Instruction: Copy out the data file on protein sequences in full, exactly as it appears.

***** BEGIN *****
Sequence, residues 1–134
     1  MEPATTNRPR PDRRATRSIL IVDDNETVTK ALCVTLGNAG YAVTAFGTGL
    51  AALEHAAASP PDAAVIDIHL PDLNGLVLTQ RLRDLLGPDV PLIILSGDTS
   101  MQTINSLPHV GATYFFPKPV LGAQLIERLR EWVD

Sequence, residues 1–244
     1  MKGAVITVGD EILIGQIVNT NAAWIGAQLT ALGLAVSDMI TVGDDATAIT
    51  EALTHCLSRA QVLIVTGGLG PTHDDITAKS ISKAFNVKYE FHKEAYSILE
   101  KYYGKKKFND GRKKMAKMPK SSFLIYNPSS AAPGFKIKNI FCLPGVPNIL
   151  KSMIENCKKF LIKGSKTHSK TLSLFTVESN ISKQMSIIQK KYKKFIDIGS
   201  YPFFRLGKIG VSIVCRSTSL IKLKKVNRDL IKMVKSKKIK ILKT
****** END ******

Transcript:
Sequence, residues 1–134
     1  MEPATTNRPR PDRRATRSIL IVDDNETVTK ALCVTLGNAG YAVTAFGTGL
    51  AALEHAAASP PDAAVIDIHL PDLNGLVLTQ RLRDLLGPDV PLIILSGDTS
   101  MQTINSLPHV GATYFFPKPV LGAQLIERLR EWVD

Sequence, residues 1–244
     1  MKGAVITVGD EILIGQIVNT NAAWIGAQLT ALGLAVSDMI TVGDDATAIT
    51  EALTHCLSRA QVLIVTGGLG PTHDDITAKS ISKAFNVKYE FHKEAYSILE
   101  KYYGKKKFND GRKKMAKMPK SSFLIYNPSS AAPGFKIKNI FCLPGVPNIL
   151  KSMIENCKKF LIKGSKTHSK TLSLFTVESN ISKQMSIIQK KYKKFIDIGS
   201  YPFFRLGKIG VSIVCRSTSL IKLKKVNRDL IKMVKSKKIK ILKT